By Allan Fox: Former WBA heavyweight champion Alexander Povetkin (26-1, 18 KO’s) wants a second shot against IBF/IBO/WBA/WBO heavyweight champion Wladimir Klitschko (61-3, 51 KO’s) to show him that he’s a better fighter than he showed last Saturday night in losing a 12 round unanimous decision in Moscow, Russia. Povetkin admits that he lost, but he still wants to face the 6’6″ Wladimir again if possible.
Povetkin said to the Voice of Russia “I’m not frightened and I’m going to to set my sights on meeting him again. I lost the battle, but I’ll win the war. Tactically, Wladimir beat me, but I definitely never gave up mentally or physically.”
Wladimir won’t be able to fight Povetkin anytime soon because he has mandatory title defenses coming up starting with Kubrat Pulev. Wladimir is going to be tied up for a while defending all of his titles against the mandatory challengers, but after all that is out of the way, who knows? It’s possible that we could see a Wladimir vs. Povetkin rematch in the near future.
If there is a rematch then one of the sanctioning bodies needs to find a referee that will keep Wladimir from clinching, pulling down on the neck and shoving his opponents because he did a lot of that against Povetkin. Without Wladimir using those tactics for 12 rounds, it’s unknown who would have won the fight. Wladimir seemed to need to be able to hold to keep from getting hit by Povetkin’s shots, and if a referee had been giving Wladimir warnings and taking points away for his holding and shoving, we might have seen a much different outcome.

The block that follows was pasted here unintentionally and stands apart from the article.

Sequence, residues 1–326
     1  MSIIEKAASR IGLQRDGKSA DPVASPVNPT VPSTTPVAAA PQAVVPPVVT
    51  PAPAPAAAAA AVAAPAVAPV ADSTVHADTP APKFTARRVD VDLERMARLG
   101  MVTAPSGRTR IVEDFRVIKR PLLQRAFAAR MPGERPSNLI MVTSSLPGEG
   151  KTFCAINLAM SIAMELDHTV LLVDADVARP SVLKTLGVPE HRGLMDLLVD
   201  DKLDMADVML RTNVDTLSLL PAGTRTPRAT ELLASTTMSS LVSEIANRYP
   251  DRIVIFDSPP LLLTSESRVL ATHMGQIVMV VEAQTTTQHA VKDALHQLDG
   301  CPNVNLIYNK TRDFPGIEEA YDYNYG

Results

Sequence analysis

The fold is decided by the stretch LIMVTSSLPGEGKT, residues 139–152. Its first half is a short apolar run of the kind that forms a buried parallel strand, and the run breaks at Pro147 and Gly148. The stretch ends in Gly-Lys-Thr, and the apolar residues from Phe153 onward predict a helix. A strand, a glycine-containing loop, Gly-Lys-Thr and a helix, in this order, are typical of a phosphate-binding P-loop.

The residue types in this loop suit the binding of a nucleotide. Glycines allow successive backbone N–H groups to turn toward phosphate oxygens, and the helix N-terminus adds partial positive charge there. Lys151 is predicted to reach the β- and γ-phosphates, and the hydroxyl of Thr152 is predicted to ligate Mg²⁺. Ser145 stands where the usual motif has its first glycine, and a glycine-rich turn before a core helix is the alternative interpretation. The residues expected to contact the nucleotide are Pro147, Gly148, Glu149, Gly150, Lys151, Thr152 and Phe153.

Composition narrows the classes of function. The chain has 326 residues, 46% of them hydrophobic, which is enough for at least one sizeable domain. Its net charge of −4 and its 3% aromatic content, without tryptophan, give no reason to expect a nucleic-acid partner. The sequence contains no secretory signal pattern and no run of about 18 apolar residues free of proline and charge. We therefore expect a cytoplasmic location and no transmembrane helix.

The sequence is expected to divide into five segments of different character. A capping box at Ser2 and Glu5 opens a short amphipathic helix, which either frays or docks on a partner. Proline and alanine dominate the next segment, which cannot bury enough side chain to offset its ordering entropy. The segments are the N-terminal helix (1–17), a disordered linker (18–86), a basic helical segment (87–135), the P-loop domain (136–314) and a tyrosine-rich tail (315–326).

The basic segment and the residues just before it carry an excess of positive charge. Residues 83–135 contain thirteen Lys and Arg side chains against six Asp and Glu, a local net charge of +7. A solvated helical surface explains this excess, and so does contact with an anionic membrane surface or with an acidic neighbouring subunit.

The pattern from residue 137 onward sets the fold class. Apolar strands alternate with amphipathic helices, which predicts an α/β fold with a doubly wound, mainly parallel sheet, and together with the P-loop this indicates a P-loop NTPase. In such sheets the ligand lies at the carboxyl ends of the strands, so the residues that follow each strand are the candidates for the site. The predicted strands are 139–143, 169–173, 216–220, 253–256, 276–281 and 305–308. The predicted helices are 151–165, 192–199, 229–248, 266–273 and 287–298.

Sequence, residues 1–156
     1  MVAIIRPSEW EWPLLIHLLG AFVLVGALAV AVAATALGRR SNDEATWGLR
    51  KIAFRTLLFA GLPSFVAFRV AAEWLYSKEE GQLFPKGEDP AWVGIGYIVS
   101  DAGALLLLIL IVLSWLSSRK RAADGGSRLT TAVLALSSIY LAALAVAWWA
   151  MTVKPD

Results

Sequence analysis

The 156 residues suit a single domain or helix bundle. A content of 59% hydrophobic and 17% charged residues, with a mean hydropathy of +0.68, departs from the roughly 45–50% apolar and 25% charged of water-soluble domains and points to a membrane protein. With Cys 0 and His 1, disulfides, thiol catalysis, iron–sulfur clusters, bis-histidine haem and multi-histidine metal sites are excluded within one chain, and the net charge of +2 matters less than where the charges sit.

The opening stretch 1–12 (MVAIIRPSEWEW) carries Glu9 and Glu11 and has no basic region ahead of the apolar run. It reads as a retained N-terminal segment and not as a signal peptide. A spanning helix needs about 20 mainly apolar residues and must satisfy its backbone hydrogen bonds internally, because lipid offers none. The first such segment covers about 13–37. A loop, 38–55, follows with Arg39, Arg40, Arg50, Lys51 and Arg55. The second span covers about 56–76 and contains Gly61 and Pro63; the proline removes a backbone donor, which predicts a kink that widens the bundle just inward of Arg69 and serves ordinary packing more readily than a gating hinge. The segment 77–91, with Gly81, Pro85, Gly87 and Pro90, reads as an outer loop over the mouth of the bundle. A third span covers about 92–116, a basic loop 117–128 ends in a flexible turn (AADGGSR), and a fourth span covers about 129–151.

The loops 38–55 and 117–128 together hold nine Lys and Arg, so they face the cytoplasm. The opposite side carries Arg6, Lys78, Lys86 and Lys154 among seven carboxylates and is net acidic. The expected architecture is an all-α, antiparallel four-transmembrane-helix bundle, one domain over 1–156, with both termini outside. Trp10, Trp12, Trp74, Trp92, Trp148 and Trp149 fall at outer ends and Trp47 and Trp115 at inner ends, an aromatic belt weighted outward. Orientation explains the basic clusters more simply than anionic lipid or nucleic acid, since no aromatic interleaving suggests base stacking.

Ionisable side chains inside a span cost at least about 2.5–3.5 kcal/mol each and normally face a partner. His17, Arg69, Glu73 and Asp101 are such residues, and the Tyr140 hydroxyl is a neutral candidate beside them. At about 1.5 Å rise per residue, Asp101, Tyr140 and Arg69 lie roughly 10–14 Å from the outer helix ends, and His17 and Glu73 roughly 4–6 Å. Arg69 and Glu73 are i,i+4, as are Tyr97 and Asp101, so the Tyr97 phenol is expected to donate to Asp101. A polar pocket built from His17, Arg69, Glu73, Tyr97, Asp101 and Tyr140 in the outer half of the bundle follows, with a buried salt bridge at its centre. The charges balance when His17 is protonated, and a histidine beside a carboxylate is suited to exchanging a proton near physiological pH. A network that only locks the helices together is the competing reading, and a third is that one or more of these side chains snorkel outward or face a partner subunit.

Wladimir’s holding really seemed to turn off the Moscow, Russia fans that came to the fight because they were booing nonstop for 12 rounds, and it seemed like they didn’t like what they had paid to see. The fans wanted to see a good boxing match, but instead they were stuck watching Wladimir hit Povetkin and then immediately grab him in a clinch.
Some of it wasn’t clinching but rather Wladimir bending Povetkin over by pulling down on his head and neck. The referee really should have stepped in as soon as Wladimir using this tactic in the 1st round and warned him that he would take points off. But the referee working the fight Luis Pabon led Wladimir pull down on Povetkin’s head for the full fight. You can imagine how Povetkin’s neck and back must have felt by the end of the fight after 12 rounds of him being bent forward by Wladimir and leaned on.
Povetkin likely won’t have to fight himself into the position where he’s the mandatory challenger before getting a rematch against Wladimir. He’ll probably get the rematch just based on his popularity in Russia and Germany.
Povetkin is one of the few well known fighters in the heavyweight division, and as we saw last Saturday, he doesn’t have the size to really trouble Wladimir, especially when he’s been pushed, leaned on and held for 12 rounds.
It’s too bad that Wladimir didn’t stop using these tactics on his own in response to the booing of the crowd because he probably could have beaten Povetkin in a normal fight without all the grabbing, leaning and shoving.